The Cherry Orchard

Characters

The spelling of character names depends on the transliteration used.

  • Madame Lyubov Andreievna Ranevskaya – a landowner. Ranyevskaya is the linchpin around which the other characters revolve. A commanding and popular figure, she represents the pride of the old aristocracy, now fallen on hard times. Her confused feelings of love for her old home and sorrow at the scene of her son's death, give her an emotional depth that keeps her from devolving into a mere aristocratic grotesque. Most of her humor comes from her inability to understand financial or business matters.
  • Peter Trofimov – a student and Anya's love interest. Trofimov is depicted as an "eternal" (in some translations, "wandering") student. An impassioned left-wing political commentator, he represents the rising tide of reformist political opinion in Russia, which struggled to find its place within the authoritarian Czarist autocracy.
  • Boris Borisovich Simeonov-Pishchik – a landowner and another old aristocrat whose estate has hit hard times. He is constantly discussing new business ventures that may save him and badgering Ranyevskaya for a loan. His character embodies the irony of the aristocracy's position: despite his financial peril, he spends the play relaxing and socializing with the Gayevs.
  • Anya – Lyubov's daughter, aged 17. She journeys to Paris to rescue her mother from her desperate situation. She is a virtuous and strong young woman. She is in love with Trofimov and listens to his revolutionary ideas, although she may or may not be taking them in.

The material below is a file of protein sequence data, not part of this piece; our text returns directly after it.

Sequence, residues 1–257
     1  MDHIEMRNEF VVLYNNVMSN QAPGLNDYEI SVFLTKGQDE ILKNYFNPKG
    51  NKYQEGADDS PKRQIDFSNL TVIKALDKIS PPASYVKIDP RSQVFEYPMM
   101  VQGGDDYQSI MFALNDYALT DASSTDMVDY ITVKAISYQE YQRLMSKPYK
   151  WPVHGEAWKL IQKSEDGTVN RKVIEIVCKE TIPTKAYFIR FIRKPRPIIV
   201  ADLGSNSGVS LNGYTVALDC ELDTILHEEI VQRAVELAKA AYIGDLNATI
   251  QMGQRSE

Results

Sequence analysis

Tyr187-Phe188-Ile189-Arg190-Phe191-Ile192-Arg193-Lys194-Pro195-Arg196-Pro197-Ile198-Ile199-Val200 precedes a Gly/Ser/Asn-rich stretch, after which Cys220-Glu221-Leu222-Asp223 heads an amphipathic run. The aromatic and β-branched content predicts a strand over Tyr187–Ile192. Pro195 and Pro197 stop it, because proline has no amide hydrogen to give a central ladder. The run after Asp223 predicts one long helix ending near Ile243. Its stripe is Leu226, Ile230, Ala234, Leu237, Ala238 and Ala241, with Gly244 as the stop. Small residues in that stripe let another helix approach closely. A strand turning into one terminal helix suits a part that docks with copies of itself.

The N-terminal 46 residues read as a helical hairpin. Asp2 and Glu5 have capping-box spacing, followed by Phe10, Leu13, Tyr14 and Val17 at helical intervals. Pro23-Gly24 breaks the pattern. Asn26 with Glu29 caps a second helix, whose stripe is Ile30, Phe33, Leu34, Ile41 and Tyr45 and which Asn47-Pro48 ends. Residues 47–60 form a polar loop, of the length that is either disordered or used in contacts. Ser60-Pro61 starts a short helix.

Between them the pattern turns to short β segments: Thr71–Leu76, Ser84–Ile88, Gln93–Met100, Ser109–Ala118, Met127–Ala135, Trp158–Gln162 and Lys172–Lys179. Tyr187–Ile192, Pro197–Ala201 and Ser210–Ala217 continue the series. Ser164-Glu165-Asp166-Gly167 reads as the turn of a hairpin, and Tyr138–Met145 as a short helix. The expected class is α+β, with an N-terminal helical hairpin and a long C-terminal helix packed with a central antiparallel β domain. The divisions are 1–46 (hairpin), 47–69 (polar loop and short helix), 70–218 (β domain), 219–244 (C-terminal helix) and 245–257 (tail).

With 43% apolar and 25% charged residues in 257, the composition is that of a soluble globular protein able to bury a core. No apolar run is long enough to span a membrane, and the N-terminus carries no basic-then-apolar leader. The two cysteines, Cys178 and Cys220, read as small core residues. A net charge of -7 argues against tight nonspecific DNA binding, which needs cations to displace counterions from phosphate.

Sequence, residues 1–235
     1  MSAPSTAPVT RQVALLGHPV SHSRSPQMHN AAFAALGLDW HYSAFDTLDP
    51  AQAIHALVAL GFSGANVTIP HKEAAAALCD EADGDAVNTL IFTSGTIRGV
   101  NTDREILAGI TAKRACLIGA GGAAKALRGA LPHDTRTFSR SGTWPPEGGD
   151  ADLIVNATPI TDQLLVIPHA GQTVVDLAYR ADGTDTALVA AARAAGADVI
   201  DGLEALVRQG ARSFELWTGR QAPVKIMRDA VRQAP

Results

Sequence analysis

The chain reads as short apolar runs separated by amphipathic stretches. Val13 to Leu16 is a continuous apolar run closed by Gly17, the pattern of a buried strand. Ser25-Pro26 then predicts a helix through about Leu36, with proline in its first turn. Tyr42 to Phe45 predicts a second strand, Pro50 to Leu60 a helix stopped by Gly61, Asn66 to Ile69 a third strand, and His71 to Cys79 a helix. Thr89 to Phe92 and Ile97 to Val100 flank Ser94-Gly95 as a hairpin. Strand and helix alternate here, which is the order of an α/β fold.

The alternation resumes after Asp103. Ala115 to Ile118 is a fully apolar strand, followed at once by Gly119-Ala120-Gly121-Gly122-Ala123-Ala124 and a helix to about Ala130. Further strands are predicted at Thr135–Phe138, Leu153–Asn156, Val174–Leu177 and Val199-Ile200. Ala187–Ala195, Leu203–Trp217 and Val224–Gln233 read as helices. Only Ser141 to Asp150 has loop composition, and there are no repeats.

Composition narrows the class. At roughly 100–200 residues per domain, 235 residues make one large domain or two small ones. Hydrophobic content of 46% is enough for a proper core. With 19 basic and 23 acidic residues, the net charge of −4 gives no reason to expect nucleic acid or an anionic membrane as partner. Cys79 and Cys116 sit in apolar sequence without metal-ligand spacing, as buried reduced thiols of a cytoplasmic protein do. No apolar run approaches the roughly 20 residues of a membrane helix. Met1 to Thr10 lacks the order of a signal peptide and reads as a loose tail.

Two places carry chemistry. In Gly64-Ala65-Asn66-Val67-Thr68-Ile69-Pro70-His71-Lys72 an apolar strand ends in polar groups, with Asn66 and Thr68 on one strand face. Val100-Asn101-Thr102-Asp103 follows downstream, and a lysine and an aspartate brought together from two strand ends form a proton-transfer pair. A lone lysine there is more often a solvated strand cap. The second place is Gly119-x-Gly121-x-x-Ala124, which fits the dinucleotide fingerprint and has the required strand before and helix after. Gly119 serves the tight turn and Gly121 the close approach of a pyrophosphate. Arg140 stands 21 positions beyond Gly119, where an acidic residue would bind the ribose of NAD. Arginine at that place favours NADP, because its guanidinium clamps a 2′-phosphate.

• Varya – Lyubov's adopted daughter, aged 24. Varya is the one who manages the estate and keeps everything in order. She is the rock that holds the family together. The reason why Ranekskaya adopted her is never made clear, although she is mentioned to have come from "simple people" (most likely serfs). Varya fantasizes about becoming a nun, though she lacks the financial means to do so. She adores her mother and sister, and frets about money constantly. Her relationship to Lopakhin is a mysterious one; everyone in the play assumes that they are about to be married but neither of them act on it.
  • Leonid Andreieveitch Gayev – the brother of Madame Ranevskaya. One of the more obviously comic characters, Gayev is a talkative eccentric. His addiction to billiards (often manifesting itself at times of discomfort) is symbolic of the aristocracy's decadent life of leisure, which renders them impotent in the face of change. Gayev tries hard to save his family and estate, but ultimately, as an aristocrat, lacks the drive.
  • Yermolai Alexeievitch Lopakhin – a merchant. Lopakhin is by far the wealthiest character in the play, but comes from the lowest social class. This contrast defines his character: he enjoys living the high life, but at the same time is uncomfortably conscious of his low beginnings and obsession with business. He is often portrayed on stage as an unpleasant character because of his greedy tendencies and ultimate betrayal of the Gayev family, but there is nothing in the play to suggest this: he works strenuously to help the Gayevs, but to no avail. Lopakhin represents the new middle class in Russia, one of many threats to the old aristocratic way of doing things.